*At some point, that ball is going to fall back to the earth.*2250

*If it is moving along, it is going to continue having that 'x' moving this way.*2253

*But, its y vector is going to get smaller, until eventually it is zero at the instant it begins to fall back down.*2257

*So, at the very top, we know it is zero.*2268

*So, at the apex, at the very switch over between moving in one direction, and coming back in one direction, you have to have a zero velocity.*2273

*So that is going to be a key point for us to understand in this problem.*2281

*We know that, m = 20 kg, height that it starts at is 3.7 m, the height that the bottom of the spring is at, is 2 m, and the x that it gets compressed, is 0.5 m, now we want to know what s the 'k' involved.*2283

*We know that, E(start) +work involved = E(end).*2304

*What is the work involved?*2313

*We are on a frictionless half pipe, it is a mass less spring, we can assume that there is no air resistance, because it is not moving that fast, or we did not mention it, we will make it easy for ourselves, we are going to remove all the cases that does work.*2315

*In a real engineering situation, we will have to start taking into account, what kind of friction is involved, how dense is the air, is it an area that has a lot of air pressure, it may be taking place in a vacuum, but it will have some amount of friction involved.*2335

*There are things that we have to care about in engineering, but we got a specific example problem where we know that it is frictionless, we know that there is no air resistance, we know that the spring is mass less, so we do not have to worry about work going into anything else than just our equation, so we can knock out work.*2354

*What is the energy that it starts with?*2371

*It starts off at a certain height.*2372

*Is it moving at height? Is energy stored in its motion?*2374

*No, it starts at rest the instant before it is let go, and starts to move.*2378

*At the beginning, we just have potential energy of gravity.*2384

*At the end, what are the things going to be involved?*2388

*We have compressed the spring by an amount, so we have got (1/2)kx ^{2} + mgh(end) (there is no energy in velocity, since it is not moving, and total height winds up being 2.5 m up here.)*2395

*At this point, we are ready to do it, so we got, mgh(start) - mgh(end) = (1/2)kx ^{2}, we know what x, m, g, h(start), h(end) are, we just plug in.*2422

*So, [2×mgh(start) - mgh(end)]/x ^{2} = k = 2×20×9.8×[h(start) - h(end)]/x^{2} = 2×20×9.8[3.7 - 2.5]/(0.5)^{2} (h(end) is, (where the bottom of the spring is) + (the 0.5 that it went up beyond that) because it compressed the spring 0.5 past equilibrium, so that to make it equal to equilibrium, 2 m, and a little bit further to 2.5 m off the bottom.)*2443

*Our final answer is, 1882 N/m = k.*2544

*Now, I left everything in the variable form very long time, because I think that the easiest way to do a problem is to get all of your thinking down with variables, because variables are easier to think about what does it mean in a general way.*2562

*Once you start throwing in numbers, you must wind up getting this mass of numbers that often, you cannot separate what the ideas are here.*2575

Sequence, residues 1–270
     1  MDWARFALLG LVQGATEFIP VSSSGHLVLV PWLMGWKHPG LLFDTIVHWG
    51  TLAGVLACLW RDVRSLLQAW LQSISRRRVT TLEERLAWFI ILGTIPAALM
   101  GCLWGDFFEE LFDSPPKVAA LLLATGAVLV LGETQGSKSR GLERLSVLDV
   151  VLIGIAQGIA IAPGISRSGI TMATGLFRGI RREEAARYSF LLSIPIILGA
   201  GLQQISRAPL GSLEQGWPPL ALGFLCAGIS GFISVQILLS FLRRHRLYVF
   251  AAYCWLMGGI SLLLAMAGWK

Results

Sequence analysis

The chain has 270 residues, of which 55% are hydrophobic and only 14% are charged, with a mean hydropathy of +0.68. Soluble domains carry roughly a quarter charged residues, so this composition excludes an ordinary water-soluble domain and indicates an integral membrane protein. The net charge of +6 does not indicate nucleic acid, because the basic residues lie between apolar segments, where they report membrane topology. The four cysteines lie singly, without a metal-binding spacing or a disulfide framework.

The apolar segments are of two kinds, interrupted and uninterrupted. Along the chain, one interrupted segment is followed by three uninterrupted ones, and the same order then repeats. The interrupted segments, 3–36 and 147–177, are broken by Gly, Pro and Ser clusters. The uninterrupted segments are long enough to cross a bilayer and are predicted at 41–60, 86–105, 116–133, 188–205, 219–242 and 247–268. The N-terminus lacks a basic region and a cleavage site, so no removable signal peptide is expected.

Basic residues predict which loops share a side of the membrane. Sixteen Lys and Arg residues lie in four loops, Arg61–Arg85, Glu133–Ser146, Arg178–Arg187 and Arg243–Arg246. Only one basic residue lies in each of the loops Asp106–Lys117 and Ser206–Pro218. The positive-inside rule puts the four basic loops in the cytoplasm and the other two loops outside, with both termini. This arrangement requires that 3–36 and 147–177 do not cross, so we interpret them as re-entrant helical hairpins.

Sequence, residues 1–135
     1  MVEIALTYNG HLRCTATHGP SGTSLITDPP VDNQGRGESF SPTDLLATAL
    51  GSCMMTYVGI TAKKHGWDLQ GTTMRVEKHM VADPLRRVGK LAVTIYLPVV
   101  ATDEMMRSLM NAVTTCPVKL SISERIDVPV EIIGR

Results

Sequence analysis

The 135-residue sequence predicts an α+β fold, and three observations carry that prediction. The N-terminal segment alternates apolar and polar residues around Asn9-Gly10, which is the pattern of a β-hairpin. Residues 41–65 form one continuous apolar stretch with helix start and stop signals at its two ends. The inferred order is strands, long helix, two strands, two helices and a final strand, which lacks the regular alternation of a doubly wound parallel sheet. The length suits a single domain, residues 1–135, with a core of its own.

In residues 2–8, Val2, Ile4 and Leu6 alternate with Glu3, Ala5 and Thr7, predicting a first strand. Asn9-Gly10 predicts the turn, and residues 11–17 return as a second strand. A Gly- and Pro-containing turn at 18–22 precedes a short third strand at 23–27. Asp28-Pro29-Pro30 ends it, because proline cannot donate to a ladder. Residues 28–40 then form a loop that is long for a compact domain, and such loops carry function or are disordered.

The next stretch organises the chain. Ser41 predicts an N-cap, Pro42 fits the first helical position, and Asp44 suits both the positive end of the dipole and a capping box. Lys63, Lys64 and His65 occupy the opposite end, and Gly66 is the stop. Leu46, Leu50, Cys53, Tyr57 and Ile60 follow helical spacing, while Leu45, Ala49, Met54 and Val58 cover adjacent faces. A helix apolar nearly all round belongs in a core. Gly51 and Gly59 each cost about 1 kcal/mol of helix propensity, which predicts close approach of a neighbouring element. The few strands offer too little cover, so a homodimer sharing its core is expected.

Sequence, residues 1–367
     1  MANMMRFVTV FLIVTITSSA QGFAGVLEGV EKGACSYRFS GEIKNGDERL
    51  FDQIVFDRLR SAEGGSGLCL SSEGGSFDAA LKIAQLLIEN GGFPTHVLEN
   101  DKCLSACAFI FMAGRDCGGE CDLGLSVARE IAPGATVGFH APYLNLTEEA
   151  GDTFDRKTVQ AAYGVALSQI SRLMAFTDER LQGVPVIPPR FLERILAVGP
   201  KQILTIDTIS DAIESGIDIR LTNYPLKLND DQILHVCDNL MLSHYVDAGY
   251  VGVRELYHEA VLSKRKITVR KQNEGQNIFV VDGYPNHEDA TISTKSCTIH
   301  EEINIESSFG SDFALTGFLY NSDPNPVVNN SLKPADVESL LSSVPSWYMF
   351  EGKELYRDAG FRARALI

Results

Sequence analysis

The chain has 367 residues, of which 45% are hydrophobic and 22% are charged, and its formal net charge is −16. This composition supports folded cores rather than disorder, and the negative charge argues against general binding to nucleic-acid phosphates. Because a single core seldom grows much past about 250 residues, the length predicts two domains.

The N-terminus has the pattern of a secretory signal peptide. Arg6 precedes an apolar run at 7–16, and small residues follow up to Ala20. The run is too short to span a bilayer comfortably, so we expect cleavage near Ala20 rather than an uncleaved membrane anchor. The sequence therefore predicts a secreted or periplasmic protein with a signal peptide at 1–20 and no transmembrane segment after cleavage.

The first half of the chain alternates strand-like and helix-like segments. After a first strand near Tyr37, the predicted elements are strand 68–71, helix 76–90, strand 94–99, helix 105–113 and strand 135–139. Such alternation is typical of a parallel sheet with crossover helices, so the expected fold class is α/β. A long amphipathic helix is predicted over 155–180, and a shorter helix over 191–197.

*But in this case, we are able to see that it is the difference between the starting potential energy, minus the ending potential energy, is going to be how much energy we have left over for our spring, and then 2x ^{2} is what we got for, for how much the springs other components are, to get the 'k' that we trying to get to.*2582

*To get to 'k', we have to multiply by 2, and divide by x ^{2}, so I left it as that, and substituted in.*2605

*There is no reason you could not substitute things as you find, if it is easier for you, and you feel comfortable with, it will certainly work.*2610

*I recommend trying it this way every so often though, I certainly think it is easier.*2615

*To keep all your variables together at the end, and then do one long session of computations at the end, but sometimes that is going to wind up being a trouble for you.*2619

*If you wind up having difficulty with the order of operations, like if you did not do this operation first, you would be in hot water.*2626

*You should pay attention to what makes it easier for you, but I think this is the best way to do it.*2633

*In any case, we have gotten to our answer, 1882 N/m.*2638

*This is going to end the session on energy, this ends our set of lessons on energy.*2643

*I hope you learned a lot about energy, hope you got a much better understanding, there is a whole lot more that you can do with it.*2647

*But, that is for our future courses.*2651

1 answer

Last reply by: Professor Selhorst-Jones

Fri Jun 20, 2014 9:34 AM

Post by Thivikka Sachithananthan on June 16, 2014

for example 4, since the block was moving, why is there no kinetic energy on our equation?

1 answer

Last reply by: Professor Selhorst-Jones

Fri Jun 20, 2014 9:25 AM

Post by Thivikka Sachithananthan on June 16, 2014

For example 3, how come gravity is not negative?

2 answers

Last reply by: Abdelrahman Megahed

Fri Jan 11, 2013 7:44 PM

Post by Abdelrahman Megahed on November 30, 2012

FOR EXAMPLE 3:

How come when you solve for k using conservation of energy you get 490N/m.

Ebefore+W=Eafter

mg(Xequilibr)+0.5k(Xequilibr)^2= mg(Xfinal)+ 0.5(Xfinal)^2

0=MG(0.2)+0.5K(0.2)^2

K=490